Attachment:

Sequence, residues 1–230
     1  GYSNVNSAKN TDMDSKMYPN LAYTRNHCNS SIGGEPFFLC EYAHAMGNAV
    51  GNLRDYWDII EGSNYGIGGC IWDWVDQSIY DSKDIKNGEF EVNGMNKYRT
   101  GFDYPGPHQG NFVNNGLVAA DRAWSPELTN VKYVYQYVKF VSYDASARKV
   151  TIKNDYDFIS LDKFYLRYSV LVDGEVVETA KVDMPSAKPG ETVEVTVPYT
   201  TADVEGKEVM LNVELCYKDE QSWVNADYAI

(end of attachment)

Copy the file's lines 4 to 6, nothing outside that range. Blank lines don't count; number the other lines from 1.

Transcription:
   101  GFDYPGPHQG NFVNNGLVAA DRAWSPELTN VKYVYQYVKF VSYDASARKV
   151  TIKNDYDFIS LDKFYLRYSV LVDGEVVETA KVDMPSAKPG ETVEVTVPYT
   201  TADVEGKEVM LNVELCYKDE QSWVNADYAI